# 5 Lifestyle

## 5.1 Journal

You can write a laboratory journal or a personal diary with the ‘journal’ template (Fig. 5.1) by simply running:

bookdownplus(template = 'journal')

Your will get a book file named ‘journal.pdf’ in ’_book/’ folder as an example.

If you would like to specify the title and author, you can run the following code instead:

bookdownplus(template = 'journal',
author = 'John Smith',
title = 'My journal')

In your working directory you could now open ‘bookdownplus.Rproj’ with RStudio. Write your own text in ‘index.Rmd’ and ‘body.Rmd’, and press ‘ctrl+shift+b’ to build your own journal book. You could revise the title and author list in ‘index.Rmd’.

You might notice the wide margin of the pages. The margins are for your future use, i.e. adding comments or notes.

The ‘journal’ template is built on the basis of the LaTeX class ‘labbook.cls’ by Frank Küster. You could customize ‘style/labbook.cls’ if you are an expert on LaTeX.

## 5.2 Poem book

A poem book produced with ‘bookdownplus’ looks like Fig. 5.2. You can write such a book with the ‘poem’ template by simply running:

bookdownplus(template = 'poem')

Your will get a book file named ‘poem.pdf’ in ’_book/’ folder as an example.

If you would like to specify the title and author, you can run the following code instead:

bookdownplus(template = 'poem',
author = 'John Smith',
title = 'My Poem book')

In your working directory you could now open ‘bookdownplus.Rproj’ with RStudio. Write your own text in ‘index.Rmd’ and ‘body.Rmd’, and press ‘ctrl+shift+b’ to build your own poem book. You could revise the title and author list in ‘index.Rmd’.

In ‘body.Rmd’ you can use the mark \bb{} to enlarge the first letter of each paragraph of a poem.

## 5.3 Music

Writing books including music pieces is difficult. Think about how to do it in Microsoft Word. Fortunately ‘bookdown’ works on the top of LaTeX, and there are LaTeX solutions for music books.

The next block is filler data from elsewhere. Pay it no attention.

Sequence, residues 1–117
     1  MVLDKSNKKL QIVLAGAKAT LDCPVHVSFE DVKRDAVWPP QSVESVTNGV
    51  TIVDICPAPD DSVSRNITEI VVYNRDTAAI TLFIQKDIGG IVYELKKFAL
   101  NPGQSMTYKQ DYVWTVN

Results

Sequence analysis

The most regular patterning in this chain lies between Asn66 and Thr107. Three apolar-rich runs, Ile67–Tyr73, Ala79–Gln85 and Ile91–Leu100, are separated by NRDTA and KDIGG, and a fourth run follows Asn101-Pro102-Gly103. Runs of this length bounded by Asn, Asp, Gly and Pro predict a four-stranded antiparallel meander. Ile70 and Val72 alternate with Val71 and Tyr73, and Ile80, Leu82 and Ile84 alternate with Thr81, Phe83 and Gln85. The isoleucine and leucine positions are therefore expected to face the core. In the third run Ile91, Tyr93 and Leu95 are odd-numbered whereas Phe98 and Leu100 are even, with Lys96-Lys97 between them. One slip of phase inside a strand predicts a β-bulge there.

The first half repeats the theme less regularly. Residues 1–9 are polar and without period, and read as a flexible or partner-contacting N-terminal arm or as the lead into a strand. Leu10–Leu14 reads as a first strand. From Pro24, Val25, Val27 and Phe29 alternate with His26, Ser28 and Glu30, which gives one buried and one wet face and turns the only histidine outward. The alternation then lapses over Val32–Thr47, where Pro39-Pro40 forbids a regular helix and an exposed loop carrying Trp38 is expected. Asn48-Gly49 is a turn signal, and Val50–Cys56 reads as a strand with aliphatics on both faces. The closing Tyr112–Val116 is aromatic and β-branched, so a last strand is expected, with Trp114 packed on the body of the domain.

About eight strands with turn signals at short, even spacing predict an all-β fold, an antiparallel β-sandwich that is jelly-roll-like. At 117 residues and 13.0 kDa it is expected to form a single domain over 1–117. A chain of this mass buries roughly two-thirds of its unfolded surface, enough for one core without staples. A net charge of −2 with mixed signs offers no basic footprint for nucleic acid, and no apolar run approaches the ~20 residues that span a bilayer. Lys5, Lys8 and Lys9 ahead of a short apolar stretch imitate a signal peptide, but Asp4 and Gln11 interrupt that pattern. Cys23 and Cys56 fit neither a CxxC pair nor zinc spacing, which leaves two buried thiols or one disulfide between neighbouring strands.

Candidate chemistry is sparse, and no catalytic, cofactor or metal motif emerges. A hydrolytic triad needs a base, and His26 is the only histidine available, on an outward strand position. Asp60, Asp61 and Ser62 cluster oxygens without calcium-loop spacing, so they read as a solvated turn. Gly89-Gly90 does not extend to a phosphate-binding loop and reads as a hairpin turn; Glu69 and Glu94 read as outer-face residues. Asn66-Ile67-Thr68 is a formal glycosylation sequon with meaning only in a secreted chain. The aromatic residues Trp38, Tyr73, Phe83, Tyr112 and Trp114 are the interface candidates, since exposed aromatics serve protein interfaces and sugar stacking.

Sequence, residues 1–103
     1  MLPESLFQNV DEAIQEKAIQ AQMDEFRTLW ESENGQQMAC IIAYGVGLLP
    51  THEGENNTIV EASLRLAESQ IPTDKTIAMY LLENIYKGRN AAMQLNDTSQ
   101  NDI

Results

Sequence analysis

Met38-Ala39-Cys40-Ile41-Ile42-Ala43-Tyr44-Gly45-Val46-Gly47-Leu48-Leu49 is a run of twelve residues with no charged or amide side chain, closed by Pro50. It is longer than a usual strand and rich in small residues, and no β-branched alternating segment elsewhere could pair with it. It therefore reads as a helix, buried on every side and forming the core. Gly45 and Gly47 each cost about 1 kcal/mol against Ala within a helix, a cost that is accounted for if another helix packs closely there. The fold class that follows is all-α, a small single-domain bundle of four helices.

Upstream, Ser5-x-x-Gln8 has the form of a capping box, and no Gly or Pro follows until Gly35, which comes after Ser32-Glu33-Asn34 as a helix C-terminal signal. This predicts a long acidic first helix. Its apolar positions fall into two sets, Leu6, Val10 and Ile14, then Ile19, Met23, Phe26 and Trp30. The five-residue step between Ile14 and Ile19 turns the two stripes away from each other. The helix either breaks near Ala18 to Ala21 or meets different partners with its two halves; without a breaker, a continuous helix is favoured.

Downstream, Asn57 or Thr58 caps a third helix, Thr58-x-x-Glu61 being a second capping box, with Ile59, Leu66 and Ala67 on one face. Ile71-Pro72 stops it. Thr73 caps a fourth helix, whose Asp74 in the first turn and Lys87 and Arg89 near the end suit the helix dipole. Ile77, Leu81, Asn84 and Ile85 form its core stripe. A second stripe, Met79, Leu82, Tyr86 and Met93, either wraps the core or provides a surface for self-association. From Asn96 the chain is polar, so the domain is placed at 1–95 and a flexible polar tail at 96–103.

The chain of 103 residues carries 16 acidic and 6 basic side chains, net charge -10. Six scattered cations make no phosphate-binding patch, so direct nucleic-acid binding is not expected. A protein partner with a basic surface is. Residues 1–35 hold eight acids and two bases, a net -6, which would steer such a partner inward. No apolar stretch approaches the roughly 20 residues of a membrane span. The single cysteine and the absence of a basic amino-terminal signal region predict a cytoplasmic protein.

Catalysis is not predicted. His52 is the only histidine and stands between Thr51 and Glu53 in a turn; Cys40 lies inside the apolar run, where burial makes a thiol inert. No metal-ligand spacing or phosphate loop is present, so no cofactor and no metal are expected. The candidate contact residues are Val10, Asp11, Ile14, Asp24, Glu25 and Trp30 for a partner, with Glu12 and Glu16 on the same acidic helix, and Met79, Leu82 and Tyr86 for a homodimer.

For example, you can write a guitar chord book by simply running:

bookdownplus(template = 'guitar')

Your will get a book file named ‘guitar.pdf’ in ’_book/’ folder as an example. The book looks like Fig. 5.3.

If you would like to specify the title and author, you can run the following code instead:

bookdownplus(template = 'guitar',
author = 'John Smith',
title = 'My Guitar book')

In your working directory you could now open ‘bookdownplus.Rproj’ with RStudio. Write your own text in ‘index.Rmd’ and ‘body.Rmd’, and press ‘ctrl+shift+b’ to build your own guitar chord book. You could revise the title and author list in ‘index.Rmd’.

Open ‘body.Rmd’, and you could see how the chords are inserted. For example, the mark \F means ‘F chord’, and the mark \Am means ‘A minor chord’. These marks are pre-defined by users in ‘tex/template_guitar.tex’. I have defined some often-used chords. If you are interested, you can add more chords and share them with me, so that we could build a complete chord library for ‘bookdownplus’ users. The method to define a new chord can be found in the documentation of ‘gchord,’21 which is a LaTeX package for typesetting guitar chord diagrams by Kasper Peeters.

Writing a guitar chord book22 is the upper limit of my knowledge in music. I would not go further in this direction, but you can do more with ‘bookdown’ if you want to. For instance, the ‘musixtex’ package23 of LaTeX makes it possible to typesetting music like Fig. 5.4. I guess it should not be difficult to tailor it into ‘bookdownplus’. Be brave to do it!